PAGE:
Accurate prediction is the main goal of any supervised learning approach. However, machine learning models estimate the target value given an input observation and not the expected value given an input manipulation. In that sense, it is highly biased (and dangerous) to use associative models (like the ones returned by machine learning) to predict the causal effect of an input perturbation (or manipulation). Recent research focused on asymmetric properties of the data distribution to infer the directionality of causal relationships. This thesis will use the same properties to estimate the bias of an associative model in predicting the causal effect. The MA thesis will focus on:
⋅ A review and comparative assessment of existing causal feature selection algorithms, including the methods developed at MLG
⋅ The design of a strategy to estimate the causal effect of input manipulation and its assessment on synthetic data (i.e. data for which the underlying causal model is available)
The topic is theoretic and requires strong skills in statistics, machine learning, and graphical models (e.g. Bayesian Networks). For this reason, only students strongly interested in statistical aspects of Machine Learning will be considered.
Biomarkers (e.g. epigenetic, expression) can be used to monitor alterations that are occurring at the cellular level in a given organism. One challenging task is to identify a restricted set of markers (e.g. genes) that allow an accurate estimation of the monitored properties. The main objective of this project is to evaluate the influence of noise and missing measurements on the prediction accuracy. To that aim, next generation sequencing data (RNA-seq, RRBS) will be used to explore real case settings.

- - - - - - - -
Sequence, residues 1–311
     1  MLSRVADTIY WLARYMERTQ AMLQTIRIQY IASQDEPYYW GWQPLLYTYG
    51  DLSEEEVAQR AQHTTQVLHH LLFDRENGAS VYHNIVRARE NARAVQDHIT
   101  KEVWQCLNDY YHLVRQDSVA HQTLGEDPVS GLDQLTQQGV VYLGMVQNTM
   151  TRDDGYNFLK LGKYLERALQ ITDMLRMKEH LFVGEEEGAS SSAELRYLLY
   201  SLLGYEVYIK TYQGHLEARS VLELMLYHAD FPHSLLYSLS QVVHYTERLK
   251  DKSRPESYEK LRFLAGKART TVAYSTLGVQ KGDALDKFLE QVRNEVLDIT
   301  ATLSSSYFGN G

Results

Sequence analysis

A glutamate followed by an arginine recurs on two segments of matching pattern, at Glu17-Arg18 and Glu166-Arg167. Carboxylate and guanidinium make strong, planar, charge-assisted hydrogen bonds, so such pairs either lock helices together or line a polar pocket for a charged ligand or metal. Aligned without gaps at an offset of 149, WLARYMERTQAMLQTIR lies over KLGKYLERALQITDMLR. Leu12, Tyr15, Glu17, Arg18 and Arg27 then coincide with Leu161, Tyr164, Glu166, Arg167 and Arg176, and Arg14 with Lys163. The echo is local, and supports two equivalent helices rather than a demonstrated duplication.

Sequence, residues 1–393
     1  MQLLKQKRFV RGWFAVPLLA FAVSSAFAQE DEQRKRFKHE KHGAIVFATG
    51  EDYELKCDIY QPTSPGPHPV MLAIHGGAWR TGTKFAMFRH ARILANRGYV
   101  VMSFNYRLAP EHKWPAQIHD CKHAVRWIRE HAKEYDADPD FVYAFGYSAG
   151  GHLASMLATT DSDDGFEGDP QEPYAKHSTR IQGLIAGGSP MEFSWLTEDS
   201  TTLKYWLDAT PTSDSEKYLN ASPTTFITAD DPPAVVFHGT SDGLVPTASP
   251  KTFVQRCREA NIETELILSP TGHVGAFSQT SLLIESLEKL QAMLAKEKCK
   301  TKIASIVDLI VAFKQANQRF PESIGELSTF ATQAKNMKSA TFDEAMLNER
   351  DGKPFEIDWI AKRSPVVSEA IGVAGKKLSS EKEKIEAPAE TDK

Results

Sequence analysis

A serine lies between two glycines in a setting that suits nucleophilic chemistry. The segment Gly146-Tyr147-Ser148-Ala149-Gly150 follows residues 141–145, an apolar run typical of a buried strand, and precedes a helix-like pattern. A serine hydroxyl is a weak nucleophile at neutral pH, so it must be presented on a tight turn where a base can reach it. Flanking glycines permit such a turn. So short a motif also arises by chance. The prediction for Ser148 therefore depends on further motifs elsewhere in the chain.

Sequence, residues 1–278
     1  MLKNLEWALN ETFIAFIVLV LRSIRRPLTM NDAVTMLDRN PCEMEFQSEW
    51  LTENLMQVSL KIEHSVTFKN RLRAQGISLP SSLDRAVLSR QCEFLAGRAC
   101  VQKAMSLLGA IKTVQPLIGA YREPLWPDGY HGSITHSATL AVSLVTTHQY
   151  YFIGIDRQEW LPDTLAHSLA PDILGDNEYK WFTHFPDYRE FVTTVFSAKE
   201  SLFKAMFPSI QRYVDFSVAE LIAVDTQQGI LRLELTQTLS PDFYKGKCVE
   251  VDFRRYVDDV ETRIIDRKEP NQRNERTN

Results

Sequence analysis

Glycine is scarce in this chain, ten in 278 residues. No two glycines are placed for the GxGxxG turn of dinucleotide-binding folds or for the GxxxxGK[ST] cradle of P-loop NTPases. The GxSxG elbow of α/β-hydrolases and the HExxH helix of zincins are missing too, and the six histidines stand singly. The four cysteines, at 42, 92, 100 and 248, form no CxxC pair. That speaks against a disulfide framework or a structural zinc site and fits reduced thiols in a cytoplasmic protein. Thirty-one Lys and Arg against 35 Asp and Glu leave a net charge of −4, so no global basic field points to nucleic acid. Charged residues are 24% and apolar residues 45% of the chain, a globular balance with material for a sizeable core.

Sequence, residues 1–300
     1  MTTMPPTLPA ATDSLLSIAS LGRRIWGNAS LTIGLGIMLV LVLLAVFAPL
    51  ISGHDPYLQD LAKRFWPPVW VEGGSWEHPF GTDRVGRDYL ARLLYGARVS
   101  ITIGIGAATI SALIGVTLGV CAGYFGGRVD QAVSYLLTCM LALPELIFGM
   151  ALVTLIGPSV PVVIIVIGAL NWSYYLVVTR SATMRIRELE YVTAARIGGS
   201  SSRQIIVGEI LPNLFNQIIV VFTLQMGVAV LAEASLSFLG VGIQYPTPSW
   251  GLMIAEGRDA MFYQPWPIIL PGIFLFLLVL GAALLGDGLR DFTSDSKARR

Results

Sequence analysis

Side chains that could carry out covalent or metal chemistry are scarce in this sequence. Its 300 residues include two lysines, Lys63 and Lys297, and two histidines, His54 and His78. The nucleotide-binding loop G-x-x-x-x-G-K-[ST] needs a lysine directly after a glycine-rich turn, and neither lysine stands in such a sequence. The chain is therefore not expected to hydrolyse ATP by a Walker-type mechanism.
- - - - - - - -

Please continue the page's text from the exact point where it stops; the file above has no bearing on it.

High-throughput sequencing and genome-wide analyses have profoundly impacted the genetic diagnostic of rare diseases. Beside the classical genetic variants calling that target alterations of the DNA sequence itself, a new field of methods based on epigenetic (at the DNA level) or transcriptomic (at the RNA level) alterations has emerged. The objective of the project is to develop and evaluate supervised classification methods applied to rare diseases classification.
Reference: Erfan Aref-Eshghi et al. Evaluation of DNA Methylation Episignatures for Diagnosis and Phenotype Correlations in 42 Mendelian Neurodevelopmental Disorders. The American Journal of Human Genetics, Volume 106, Issue 3, 2020.
Solving real world decision-making problems typically requires a careful trade-off between multiple, possibly conflicting, objectives. For example, essential concerns such as interpretability, fairness, and execution speed often conflict with the primary performance metric, such as classification accuracy. The objective of this project is to evaluate algorithms for decision-making under uncertainty (i.e., multi-armed bandits) in terms of these secondary objectives. If time permits, an extension into procedural fairness and interpretability in contextual bandits can be considered. As contextual bandits involve decisions made based on a set of features, it is crucial to ensure that these decisions are interpretable and made fairly with regards to a set of sensitive features (e.g., gender).
Patil, Vishakha, et al. “Achieving fairness in the stochastic multi-armed bandit problem.” Proceedings of the AAAI Conference on Artificial Intelligence. Vol. 34. No. 04. 2020. https://ojs.aaai.org/index.php/AAAI/article/view/5986/5842
Turgay, Eralp, Doruk Oner, and Cem Tekin. “Multi-objective contextual bandit problem with similarity information.” International Conference on Artificial Intelligence and Statistics. PMLR, 2018. http://proceedings.mlr.press/v84/turgay18a/turgay18a.pdf
Lattimore, Tor, and Csaba Szepesvári. Bandit algorithms. Cambridge University Press, 2020. https://tor-lattimore.com/downloads/book/book.pdf